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For kids with special needs, camp comes with valuable therapy, higher price tag

At the Leaps and Bounds Occupational Therapy day camp in Washington, kids with autism, learning disabilities and other special needs have fun while they learn to improve their motor skills.

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By Mari-Jane Williams
Washington Post Staff Writer
Friday, July 9, 2010

Matthew Hoffman will spend much of his summer doing handwriting exercises set to music, practicing conversation techniques with other kids on the soccer field and improving his motor planning by learning to ride a bike.

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In other words, the 6-year-old from Bethesda is going to camp.

Matthew has autism. So his five weeks at Basic Concepts in Rockville, which began June 28, will be different from the typical summer day camp in the Washington area.

Few counselors at Basic Concepts are home from college for the summer. The staff members are trained specialists in speech and occupational therapy as well as special education teachers and play therapists. And there are lots of them: one therapist for every two or three children. Equipment goes far beyond what you usually find at the playground, including weighted vests, trampolines and swings commonly used in therapy sessions.

"I love that he can go to a summer camp like every other kid," said Matthew's mother, Ali Hoffman.

Basic Concepts, a private therapy center offering speech and language services and other help for children with mild learning differences, began a therapeutic camp a decade ago with 10 children. This year, it is at capacity with 90 students and had to turn families away because of a lack of space, said Katy Whidden, a speech and language pathologist at the center.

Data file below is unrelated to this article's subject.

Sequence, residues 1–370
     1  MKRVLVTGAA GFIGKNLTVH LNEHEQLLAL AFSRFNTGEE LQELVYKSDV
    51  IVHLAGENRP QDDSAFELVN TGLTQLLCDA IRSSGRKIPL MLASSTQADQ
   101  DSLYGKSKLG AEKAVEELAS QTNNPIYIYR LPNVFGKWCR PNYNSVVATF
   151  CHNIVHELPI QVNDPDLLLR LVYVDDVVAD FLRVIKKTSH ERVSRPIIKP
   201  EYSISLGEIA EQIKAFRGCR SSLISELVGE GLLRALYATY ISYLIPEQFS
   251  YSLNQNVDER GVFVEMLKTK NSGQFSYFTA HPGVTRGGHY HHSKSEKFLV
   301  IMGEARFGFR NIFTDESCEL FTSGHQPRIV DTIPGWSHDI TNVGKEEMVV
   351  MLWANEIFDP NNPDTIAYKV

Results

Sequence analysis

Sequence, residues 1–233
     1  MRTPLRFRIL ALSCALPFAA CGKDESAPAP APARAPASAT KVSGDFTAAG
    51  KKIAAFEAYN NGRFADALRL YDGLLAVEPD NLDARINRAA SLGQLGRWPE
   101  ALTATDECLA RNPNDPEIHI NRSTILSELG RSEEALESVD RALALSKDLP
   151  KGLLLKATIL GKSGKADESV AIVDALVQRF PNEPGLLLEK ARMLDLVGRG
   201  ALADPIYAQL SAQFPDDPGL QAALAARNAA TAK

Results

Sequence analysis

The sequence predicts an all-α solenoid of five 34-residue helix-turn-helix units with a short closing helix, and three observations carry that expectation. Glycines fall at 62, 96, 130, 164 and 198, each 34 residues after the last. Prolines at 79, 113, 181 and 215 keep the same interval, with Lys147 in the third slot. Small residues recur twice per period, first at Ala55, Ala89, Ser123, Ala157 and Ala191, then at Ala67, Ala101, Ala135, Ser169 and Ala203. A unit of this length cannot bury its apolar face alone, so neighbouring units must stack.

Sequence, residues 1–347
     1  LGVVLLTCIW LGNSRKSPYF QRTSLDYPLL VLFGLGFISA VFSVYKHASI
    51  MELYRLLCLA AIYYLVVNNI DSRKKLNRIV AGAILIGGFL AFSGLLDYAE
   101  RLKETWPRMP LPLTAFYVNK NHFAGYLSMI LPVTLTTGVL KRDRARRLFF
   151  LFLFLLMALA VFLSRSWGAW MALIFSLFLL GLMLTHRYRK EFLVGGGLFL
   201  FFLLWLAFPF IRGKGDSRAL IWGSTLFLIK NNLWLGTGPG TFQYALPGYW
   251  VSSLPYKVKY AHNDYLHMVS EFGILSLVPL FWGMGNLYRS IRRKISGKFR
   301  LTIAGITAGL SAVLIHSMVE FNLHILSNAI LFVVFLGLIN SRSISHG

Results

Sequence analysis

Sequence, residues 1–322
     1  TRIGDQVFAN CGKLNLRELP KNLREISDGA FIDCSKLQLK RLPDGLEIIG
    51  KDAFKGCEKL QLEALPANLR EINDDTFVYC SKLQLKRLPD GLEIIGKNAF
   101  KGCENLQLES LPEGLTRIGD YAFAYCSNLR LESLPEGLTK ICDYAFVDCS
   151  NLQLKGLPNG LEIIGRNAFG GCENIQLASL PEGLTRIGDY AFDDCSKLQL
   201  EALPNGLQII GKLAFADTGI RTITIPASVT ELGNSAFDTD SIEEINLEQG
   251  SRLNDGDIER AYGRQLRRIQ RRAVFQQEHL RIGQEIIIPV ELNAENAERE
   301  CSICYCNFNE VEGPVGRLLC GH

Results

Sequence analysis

Across the Washington region, enrollment in therapeutic camps soars every year, although they are far more expensive than traditional day camp.

Camp Friendship, which is run by Tots to Teens, a speech therapy practice in Woodbridge, drew kids from five counties last year for its program in Stafford County. This year, it is adding a session in Prince William County to meet the demand.

Lynne Israel, director of Lynne C. Israel and Associates in the District, an occupational therapy group, said she has been able to fill as many as 70 slots at her summer camp in recent years, with requests for more.

Complicated issues

Most campers have a combination of delays and diagnoses that can include autism spectrum disorders and learning disabilities as well as sensory processing problems, defined by difficulty handling certain sounds, sights, smells, textures and other environmental stimuli. These children struggle with reading, writing, cutting and sustaining conversations with other kids. Loud noises, bright lights or unfamiliar tastes or textures can disrupt or disorganize them.

Therapeutic camps, with small-group activities and individual plans for each camper, are often modeled after the weekly therapy sessions and classroom help that many of the children receive during the school year. The goals are the same: to improve their academic and social skills and help them better function in what often seems like an overwhelming world.

So cooking, for example, becomes a way to expand vocabulary and teach campers how to work together. Science experiments force children to get their hands dirty and get accustomed to new textures. Arts and crafts projects double as intense practice of fine motor skills.

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